Steinbach man driving hearse to raise awareness about texting and driving

Dave Redl is hitting the road with his hearse and casket to give drivers a very stern warning about the dangers of texting behind the wheel.

Students pledge to avoid distracted driving by leaving fingerprints on casket

Dave Redl is hitting the road with his hearse and casket to give drivers a very stern warning about the dangers of texting behind the wheel. The Steinbach man has been driving around in a white Cadillac hearse outfitted with decals and strobe lights to raise awareness about distracted driving. 1:54

Dave Redl is hitting the road with his hearse and casket to give drivers a very stern warning about the dangers of texting behind the wheel.

The Steinbach man has been driving around in a white 1995 Cadillac S&S Medalist hearse outfitted with decals and strobe lights to raise awareness about distracted driving as part of a project dubbed Last Responder.

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      The hearse has a casket inside that's visible to other drivers and Redl said that's got drivers talking. "When you see a hearse on the road you instantly think of death."

      Redl said he bought the hearse for $500 from a funeral home while looking for older cars and was going to sell it until he found out the vehicle was a limited edition.

      Inspired by God, he said that's when he decided to put it to good use. "I see lots of drinking and driving ads but I've never seen anything with texting and driving."

      He admits the response from drivers has been mixed.
      The hearse has lights on both its interior and exterior and mimics what would be used in a regular funeral procession. (Dave Redl)

      "A lot of people love it, they think this is the greatest thing out there and then there's some people out there that just don't like it at all they think it's too morbid."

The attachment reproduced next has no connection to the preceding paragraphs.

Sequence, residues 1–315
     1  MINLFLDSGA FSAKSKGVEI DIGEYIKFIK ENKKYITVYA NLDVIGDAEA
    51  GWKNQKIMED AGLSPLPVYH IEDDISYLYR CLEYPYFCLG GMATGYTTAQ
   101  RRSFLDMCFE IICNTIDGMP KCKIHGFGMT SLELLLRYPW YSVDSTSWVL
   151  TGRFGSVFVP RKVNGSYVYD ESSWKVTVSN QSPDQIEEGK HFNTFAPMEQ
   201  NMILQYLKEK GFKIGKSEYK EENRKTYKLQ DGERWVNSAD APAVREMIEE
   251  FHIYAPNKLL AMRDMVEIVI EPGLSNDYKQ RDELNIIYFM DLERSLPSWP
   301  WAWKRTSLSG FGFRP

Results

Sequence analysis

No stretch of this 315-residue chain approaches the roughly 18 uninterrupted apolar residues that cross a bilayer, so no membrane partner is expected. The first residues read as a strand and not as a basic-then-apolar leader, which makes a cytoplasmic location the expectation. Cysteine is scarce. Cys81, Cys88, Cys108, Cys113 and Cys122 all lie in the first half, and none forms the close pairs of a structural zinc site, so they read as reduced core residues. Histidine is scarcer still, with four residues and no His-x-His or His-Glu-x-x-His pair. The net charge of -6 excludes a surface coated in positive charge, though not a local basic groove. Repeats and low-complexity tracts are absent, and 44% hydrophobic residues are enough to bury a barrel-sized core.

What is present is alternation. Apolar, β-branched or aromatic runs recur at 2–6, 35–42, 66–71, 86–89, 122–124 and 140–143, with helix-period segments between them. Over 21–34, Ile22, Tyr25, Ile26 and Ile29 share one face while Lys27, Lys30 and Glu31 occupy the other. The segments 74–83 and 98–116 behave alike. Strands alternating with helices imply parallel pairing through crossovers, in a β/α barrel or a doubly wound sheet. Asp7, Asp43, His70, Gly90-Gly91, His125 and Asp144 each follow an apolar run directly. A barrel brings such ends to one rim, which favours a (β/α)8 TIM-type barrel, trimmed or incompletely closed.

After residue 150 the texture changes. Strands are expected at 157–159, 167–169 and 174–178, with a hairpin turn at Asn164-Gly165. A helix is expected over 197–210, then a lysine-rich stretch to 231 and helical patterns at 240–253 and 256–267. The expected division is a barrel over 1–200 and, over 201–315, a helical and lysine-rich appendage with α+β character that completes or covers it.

But for Redl that's the point. He said he recently had a father come up to him at the parts store to thank him for the difference he's making.

      "He said 'my son, my wife and I are scared that he's going to kill himself one day because he refuses to put down his phone when he drives.'"
      The hearse is covered in decals warning against distracted driving. (Dave Redl)

      "'He says he came home last night in tears because he seen your hearse sitting in front of him at a stoplight. It just hit him.'"

      "I've been getting lots of stories like that," Redl said.

      Redl said he used to text and drive over a decade ago and one time he rear-ended another driver.

      He never got a ticket because it wasn't illegal at the time in Manitoba to text behind the wheel and said while the incident didn't stick with him back then, now it has.

      Students touch casket as part of vow 

      RCMP officer Kerri McKee has joined the Last Responder project and constantly sees drivers texting.

      "You can see it at every stop light at every intersection there's usually always somebody who has the head down to the right and you know what they're doing," she said.

      Redl brought the hearse for a distracted driving presentation at the Virden Collegiate Institute last Friday.

      There, he asked students to make a pledge to never text behind the wheel.

      The hearse was $500. (Dave Redl)

      Students who said yes then dipped their fingers in red ink and left prints on the casket inside the hearse. Redl said he hopes they never forget that moment.

      "If you're driving, you grab a phone, you're going to start thinking about that casket that you touched."

      Aside from raising awareness, Redl said the hearse makes a great ride.

      "It's smooth. It's like driving a ship. It's air ride suspension, like you think of a hearse as 'oh creepy' type thing but me as a car guy I look at as the best ride I've ever driven in my life. "

      About the Author

      Austin Grabish

      Reporter

      ​Austin Grabish is a reporter for CBC News in Winnipeg​ where he files for TV, web and radio. ​​Born and raised in Manitoba, Austin has had an itch for news since he was young. He landed his first byline when he was just 18. Before joining CBC, he reported for several outlets with work running across the country. He studied human rights in university and holds both a degree and diploma in communications.​ Email: austin.grabish@cbc.ca